EditorsAbout the SiteComes vs. MicrosoftUsing This Web SiteSite ArchivesCredibility IndexOOXMLOpenDocumentPatentsNovellNews DigestSite NewsRSS

01.22.10

Microsoft Security Negligence Confirmed: Critical Internet Explorer Flaw Known and Ignored for 4 Months

Posted in Deception, Microsoft, Security, Windows at 4:12 pm by Dr. Roy Schestowitz

Summary: The newest facts show that Microsoft knowingly refused to fix flaws that led to tremendous damage; lies from Microsoft (about its competition) are refuted as well

IN MANY RECENT posts about Internet Explorer [1, 2, 3, 4, 5, 6, 7, 8], we have pointed out Microsoft’s pattern of negligence [1, 2, 3], which always passes costs (damages) to the public. Microsoft should probably be sued for it, rather than make money from it. Microsoft — like Goldman Sachs — is making a lot of money out of a crisis caused by its own risk-taking.

Here are some self-explanatory news headlines:

Microsoft lies to your face about browser security

Microsoft’s Head of Security and Privacy in the UK has told TechRadar that people who jump ship from Internet Explorer after the recent spate of bad headlines risk ending up on a less secure browser. With France and Germany both advising a move away from Internet Explorer, things are far from rosy for Microsoft’s browser [...yet] Microsoft’s UK security chief Cliff Evans insists that a non-Microsoft browser is the worse option. “The net effect of switching [from IE] is that you will end up on less secure browser,” insisted Evans. “The risk [over this specific] exploit is minimal compared to Firefox or other competing browsers… you will be opening yourself up to security issues.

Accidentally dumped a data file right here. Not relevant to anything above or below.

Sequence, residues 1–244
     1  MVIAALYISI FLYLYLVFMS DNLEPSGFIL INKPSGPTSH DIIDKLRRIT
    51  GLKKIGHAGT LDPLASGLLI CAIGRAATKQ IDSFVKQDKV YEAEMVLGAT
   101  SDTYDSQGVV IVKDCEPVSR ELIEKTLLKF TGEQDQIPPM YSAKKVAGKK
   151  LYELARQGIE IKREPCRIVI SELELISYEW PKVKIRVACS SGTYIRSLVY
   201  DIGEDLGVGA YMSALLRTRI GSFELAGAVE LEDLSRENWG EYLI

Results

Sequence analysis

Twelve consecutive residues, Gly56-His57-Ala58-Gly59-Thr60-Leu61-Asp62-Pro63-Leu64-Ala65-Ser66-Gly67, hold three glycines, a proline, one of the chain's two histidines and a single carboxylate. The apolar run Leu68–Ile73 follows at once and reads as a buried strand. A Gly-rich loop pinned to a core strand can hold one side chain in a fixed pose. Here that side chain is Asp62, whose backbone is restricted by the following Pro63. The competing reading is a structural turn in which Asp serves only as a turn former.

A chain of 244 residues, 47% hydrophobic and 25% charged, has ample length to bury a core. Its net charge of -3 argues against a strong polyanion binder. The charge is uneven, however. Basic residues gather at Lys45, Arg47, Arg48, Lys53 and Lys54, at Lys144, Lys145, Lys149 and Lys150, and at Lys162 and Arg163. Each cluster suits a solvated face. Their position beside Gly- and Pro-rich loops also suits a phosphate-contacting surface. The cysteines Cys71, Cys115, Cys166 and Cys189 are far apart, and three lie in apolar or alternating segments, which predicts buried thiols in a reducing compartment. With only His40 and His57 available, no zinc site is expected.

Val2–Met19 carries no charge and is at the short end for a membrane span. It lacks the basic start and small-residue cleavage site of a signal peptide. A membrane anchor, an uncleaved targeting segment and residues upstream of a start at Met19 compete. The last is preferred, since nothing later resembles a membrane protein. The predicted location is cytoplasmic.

Let’s fight FUD with facts…

Vulnerability Report: Mozilla Firefox 3.5.x
Unpatched: 0

Vulnerability Report: Google Chrome 3.x
Unpatched: 0

Vulnerability Report: Opera 10.x
Unpatched: 0

Vulnerability Report: Apple Safari 4.x
Unpatched: 0

Vulnerability Report: Microsoft Internet Explorer 6.x
Unpatched: 24
Most Critical Unpatched: Extremely critical

Vulnerability Report: Microsoft Internet Explorer 7.x
Unpatched: 11
Most Critical Unpatched: Extremely critical

Vulnerability Report: Microsoft Internet Explorer 8.x
Unpatched: 4
Most Critical Unpatched: Extremely critical

My recommendation if you use Windows: make sure the version of IE that’s installed (because you can’t uninstall it!) is the latest/least vulnerable (IE8) and then install at least one of the non-IE browsers listed (personally I always recommend Firefox :) and then use THAT. Of course, you could always switch to a Mac or Linux…

Microsoft patches IE, admits it knew of bug last August

As Microsoft patched the Internet Explorer (IE) vulnerability that was used to break into Google’s network, it also acknowledged that it had known of the bug since August 2009, when an Israeli security company reported the flaw.